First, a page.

The Recompense of Memory
Reviewed by Wendy Roy
Claire Mulligan’s first novel is a complex and evocative exploration of the repayment of ethical debts and the power of human memory in forming personal identity. Set in British Columbia during the Cariboo gold rush of 1863, The Reckoning of Boston Jim presents three characters whose lives become inextricably intertwined through a brief meeting that includes a relatively small act of kindness and generosity. A lone trapper and trader who goes by the name Boston Jim has his view of the world as harsh, indifferent, and full of self-interest shaken when voluble lower-class English immigrant Dora Timmons finds a pouch containing 126 pounds and ten shillings in English money that he has lost on Cowichan Bay, and returns it to him. Jim finds her decency so unaccustomed and unaccountable that he upturns the bleak order of his life to find a suitable method of recompense. He rehearses and rejects various possible ways of evening the score, until he at last becomes convinced that the only worthy gift is the safe return of Dora’s common-law husband, English remittance man Eugene Augustus Hume, who has set out for the goldfields of the Cariboo.
Mulligan’s descriptive prose works together with the complex structure of the novel to bring to life these three characters, along with a multitude of other secondary characters, some of whom can also be found in British Columbia’s history books. Most of the novel is narrated in third person, but the focus of the chapters shifts between the two male characters—the taciturn Boston Jim as he struggles to find a way to pay his debt, and the self-deceiving Eugene as he becomes more and more mired in the consequences of his own shallowness, naivety, and criminal stupidity. Until the epilogue, narrated in Dora’s first-person voice, she is present mostly in the two men’s memories. The rosy and often fuzzy glow of Eugene’s recollected sexual passion contrasts with the clarity of Jim’s ability to recall the exact words with which Dora has, on the one afternoon they met, poured out her life story.
The novel includes passages of magic realism, evoked by the Aboriginal women who have briefly been part of Jim’s life but also by Dora herself, whose memories Jim comes to inhabit. Her story mingles with his because Jim’s curse—and as curse it is more and more clearly defined—is that he can remember every word that he has heard, every person and thing that he has seen, and every act that he and others have committed since he washed up on the shores of Vancouver Island as a shipwrecked six-year-old child. What came before he cannot remember, except that the now-dead man on whose ship he stowed away took his revenge, and ensured his own place in the historical record by carving his name and place of origin on the boy’s chest. The boy does not know his own name or hometown, but others assume he is Jim Milroy of Boston from the identifying marks written indelibly in blood and the scar tissue on his body. His frightening lack of personal identity is evident twenty-five years later in his curiously elliptical speech which, the reader gradually comes to realize, lacks not only metaphor but also the words “I” and “me.”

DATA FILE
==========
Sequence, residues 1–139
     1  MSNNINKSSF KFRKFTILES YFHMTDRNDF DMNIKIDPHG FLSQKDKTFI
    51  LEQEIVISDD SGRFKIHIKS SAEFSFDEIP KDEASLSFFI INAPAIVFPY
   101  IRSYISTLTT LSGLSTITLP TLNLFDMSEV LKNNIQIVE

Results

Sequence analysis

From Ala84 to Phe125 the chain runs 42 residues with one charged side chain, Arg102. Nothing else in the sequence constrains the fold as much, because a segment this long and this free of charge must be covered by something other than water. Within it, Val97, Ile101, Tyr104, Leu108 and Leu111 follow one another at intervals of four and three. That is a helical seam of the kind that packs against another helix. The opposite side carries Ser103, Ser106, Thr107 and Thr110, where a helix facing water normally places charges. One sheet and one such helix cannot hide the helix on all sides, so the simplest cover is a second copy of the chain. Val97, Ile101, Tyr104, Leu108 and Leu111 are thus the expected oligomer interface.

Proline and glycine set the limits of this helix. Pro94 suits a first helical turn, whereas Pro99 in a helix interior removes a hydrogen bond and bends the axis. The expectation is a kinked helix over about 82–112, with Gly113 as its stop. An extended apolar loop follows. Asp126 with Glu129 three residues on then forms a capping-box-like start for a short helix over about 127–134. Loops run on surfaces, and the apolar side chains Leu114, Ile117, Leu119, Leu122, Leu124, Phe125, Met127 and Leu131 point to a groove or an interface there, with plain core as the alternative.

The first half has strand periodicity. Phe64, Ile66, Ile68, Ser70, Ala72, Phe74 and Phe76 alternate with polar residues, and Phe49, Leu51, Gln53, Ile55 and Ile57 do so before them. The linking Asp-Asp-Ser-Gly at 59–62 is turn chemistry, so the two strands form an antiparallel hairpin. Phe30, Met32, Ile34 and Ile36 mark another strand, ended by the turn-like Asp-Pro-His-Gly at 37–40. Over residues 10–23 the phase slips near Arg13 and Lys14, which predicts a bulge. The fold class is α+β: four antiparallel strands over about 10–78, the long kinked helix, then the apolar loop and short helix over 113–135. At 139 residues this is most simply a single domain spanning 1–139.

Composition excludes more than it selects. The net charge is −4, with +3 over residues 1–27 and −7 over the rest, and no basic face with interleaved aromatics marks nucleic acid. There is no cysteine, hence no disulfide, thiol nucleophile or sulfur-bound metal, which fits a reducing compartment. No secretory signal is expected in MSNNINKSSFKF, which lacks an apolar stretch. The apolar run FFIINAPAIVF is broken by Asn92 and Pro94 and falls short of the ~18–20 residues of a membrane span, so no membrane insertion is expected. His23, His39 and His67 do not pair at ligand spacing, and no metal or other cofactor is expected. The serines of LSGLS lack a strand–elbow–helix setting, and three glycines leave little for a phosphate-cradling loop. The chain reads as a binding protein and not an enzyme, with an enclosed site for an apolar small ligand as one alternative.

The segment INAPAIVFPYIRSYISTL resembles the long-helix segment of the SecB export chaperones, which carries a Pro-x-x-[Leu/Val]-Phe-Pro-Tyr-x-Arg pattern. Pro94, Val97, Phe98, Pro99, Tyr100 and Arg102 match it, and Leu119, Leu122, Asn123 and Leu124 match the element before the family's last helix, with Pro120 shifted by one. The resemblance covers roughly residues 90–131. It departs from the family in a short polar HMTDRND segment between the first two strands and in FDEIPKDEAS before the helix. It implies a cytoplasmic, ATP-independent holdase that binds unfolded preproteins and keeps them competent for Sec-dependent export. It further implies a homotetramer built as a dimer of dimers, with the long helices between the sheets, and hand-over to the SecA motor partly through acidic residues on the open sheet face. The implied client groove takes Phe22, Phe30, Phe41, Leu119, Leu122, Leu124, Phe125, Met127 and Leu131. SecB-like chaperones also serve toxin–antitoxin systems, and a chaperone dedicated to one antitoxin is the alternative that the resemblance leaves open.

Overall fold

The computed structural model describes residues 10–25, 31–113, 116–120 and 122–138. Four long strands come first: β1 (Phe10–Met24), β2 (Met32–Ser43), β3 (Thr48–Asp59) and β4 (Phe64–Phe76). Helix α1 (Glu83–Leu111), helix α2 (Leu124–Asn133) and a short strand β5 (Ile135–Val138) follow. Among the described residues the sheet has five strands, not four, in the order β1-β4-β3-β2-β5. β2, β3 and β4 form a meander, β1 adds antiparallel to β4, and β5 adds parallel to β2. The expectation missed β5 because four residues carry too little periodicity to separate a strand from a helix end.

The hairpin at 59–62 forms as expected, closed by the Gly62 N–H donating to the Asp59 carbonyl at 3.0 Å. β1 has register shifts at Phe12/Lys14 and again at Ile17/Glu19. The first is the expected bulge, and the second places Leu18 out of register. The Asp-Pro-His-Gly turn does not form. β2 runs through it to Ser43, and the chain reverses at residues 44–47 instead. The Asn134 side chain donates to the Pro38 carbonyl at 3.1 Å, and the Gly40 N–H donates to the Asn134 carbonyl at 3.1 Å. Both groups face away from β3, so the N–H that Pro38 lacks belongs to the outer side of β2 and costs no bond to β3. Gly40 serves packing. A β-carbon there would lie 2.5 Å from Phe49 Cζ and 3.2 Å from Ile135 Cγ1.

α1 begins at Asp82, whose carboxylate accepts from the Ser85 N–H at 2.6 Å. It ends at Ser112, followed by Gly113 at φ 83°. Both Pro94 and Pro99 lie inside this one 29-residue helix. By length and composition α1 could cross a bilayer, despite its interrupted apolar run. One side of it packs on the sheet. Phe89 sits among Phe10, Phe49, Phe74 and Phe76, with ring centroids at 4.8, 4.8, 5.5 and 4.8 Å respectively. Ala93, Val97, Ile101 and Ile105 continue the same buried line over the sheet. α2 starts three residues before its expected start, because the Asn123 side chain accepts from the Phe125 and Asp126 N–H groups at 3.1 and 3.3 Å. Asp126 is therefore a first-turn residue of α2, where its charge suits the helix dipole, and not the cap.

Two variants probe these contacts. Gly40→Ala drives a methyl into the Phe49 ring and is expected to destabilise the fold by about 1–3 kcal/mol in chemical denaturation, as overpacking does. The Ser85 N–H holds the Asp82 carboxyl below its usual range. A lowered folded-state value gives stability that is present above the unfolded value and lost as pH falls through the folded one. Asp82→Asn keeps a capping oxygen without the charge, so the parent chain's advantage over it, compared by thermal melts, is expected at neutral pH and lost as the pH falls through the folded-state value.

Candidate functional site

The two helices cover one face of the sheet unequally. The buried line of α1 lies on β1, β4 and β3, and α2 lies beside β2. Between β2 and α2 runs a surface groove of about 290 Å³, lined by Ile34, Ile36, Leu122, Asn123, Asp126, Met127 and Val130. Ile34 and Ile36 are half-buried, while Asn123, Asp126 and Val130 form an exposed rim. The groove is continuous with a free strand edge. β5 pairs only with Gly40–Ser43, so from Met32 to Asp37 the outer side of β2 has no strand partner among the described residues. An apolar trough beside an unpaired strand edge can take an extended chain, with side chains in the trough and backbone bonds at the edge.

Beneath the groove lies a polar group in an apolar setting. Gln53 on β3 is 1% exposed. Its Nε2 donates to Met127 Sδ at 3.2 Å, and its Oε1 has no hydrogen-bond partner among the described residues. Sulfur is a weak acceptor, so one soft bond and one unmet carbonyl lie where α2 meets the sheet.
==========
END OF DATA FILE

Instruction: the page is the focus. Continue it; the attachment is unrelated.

The reckoning on which Jim embarks seems out of all proportion to the minor act that provoked it. His life story as it gradually unfolds, however, filled as it is with violence and tragedy punctuated by only a few acts of caring and kindness, eventually clarifies the value of the money pouch to Jim in the complex emotions and memories it evokes. As Jim reflects on this value, he comes to the realization that “all his fine exchanges cannot balance his poor ones.” What happens to him as he pursues Eugene to Barkerville thus becomes his own personal weighing of the good and evil deeds that he has both experienced from others and committed himself. Mulligan’s book leaves readers with despair at its representation of human greed and cruelty and simultaneous hope through its rich evocation of time, place, and the force of human character.
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MLA: Mulligan, Claire and Roy, Wendy. The Recompense of Memory. canlit.ca. Canadian Literature, 8 Dec. 2011. Web. 22 May 2013.
This review originally appeared in Canadian Literature #198 (Autumn 2008), Canada and Its Discontents. (pg. 152 - 153)
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